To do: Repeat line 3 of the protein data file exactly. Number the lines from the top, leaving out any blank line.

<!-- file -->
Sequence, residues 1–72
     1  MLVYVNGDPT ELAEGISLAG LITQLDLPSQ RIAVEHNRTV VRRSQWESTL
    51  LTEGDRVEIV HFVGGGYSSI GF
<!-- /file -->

    51  LTEGDRVEIV HFVGGGYSSI GF